David Ingraham is a Los Angeles-based musician who spends most of his free time pursuing and obsessing over photography. Though he can’t recall a time when he wasn’t interested in taking pictures, it wasn’t until his mid thirties that he began to take photography more seriously, immersing himself in the work of the masters as well as building a darkroom at home. But after years of experimenting with different styles, genres, and cameras in an attempt to find his own voice, something unexpected happened that would forever change the course of his photographic pursuits: he bought an iPhone. Being able to shoot, edit, and post his work all from the palm of his hand revolutionized his whole approach to photography and he’s shot with almost nothing else since.
As a member of the mobile-photography group Tiny Collective – a world-wide group of like-minded street iPhoneographers – he hopes to be able to play a role in the legitimization of mobile photography, viewing it as the latest chapter in the history of photography.



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David Ingraham


Tiny Collective



Signage on any given street in DC. I’m probably not supposed to be in here. Photo by Lance Rosenfield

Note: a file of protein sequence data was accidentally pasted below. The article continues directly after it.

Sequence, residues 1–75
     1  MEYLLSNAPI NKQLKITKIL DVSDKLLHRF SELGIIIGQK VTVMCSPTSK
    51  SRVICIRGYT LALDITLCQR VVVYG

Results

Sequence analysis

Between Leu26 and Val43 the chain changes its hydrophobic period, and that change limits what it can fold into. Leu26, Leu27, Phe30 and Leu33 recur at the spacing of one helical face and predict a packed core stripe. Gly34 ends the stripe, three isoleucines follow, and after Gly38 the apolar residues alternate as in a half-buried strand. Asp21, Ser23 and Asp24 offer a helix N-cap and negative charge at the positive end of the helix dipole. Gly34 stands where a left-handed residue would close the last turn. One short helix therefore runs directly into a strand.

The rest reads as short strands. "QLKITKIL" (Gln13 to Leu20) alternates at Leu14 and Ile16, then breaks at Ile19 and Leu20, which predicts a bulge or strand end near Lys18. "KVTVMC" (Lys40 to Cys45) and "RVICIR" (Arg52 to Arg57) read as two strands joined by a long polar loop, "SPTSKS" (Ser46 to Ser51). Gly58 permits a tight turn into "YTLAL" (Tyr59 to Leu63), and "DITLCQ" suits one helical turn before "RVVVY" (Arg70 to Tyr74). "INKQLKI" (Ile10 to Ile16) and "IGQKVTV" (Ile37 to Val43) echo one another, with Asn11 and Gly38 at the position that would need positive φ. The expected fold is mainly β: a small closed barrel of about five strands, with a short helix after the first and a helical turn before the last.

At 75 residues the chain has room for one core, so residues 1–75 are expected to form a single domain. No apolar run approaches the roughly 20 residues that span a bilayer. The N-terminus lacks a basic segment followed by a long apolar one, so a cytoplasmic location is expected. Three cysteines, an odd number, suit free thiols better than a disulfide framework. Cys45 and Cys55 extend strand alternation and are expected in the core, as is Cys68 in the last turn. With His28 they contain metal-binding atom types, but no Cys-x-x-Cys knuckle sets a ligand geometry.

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Hopefully tomorrow the skies will be filled with kites. The tradition in Greece is to fly a kite on the first day of Lent.@myrtophoto



I met Mustafa at this dodgy cafe on Omonoia square in Athens. He comes from Egypt, he is nineteen years old, married with a daughter. He came to Greece as an irregular immigrant and he works as a male prostitute. He didn’t want me to take his picture because of his daughter yet he offered to bring a picture from before he worked as a prostitute. I didn’t use it but I asked him to write down his story for me and this is what he wrote..
I treasure these stories and the time of the people I meet. For “The Attendants” project @myrtophoto this week on @burndiary

Sea Side


One of the under- appreciated aspects of life in Athens is the sea side/ walking by the sea.@myrtophoto

“The Attendants” Project


View of a room in a sex hotel in Athens / With my project “The Attendants” I am really interested to understand the role of the client, the sex workers, male and female, the owners of businesses within the sex industry. The truth is that it is endless..and especially now in these times of the Greek financial crisis. @myrtophoto this week on @burndiary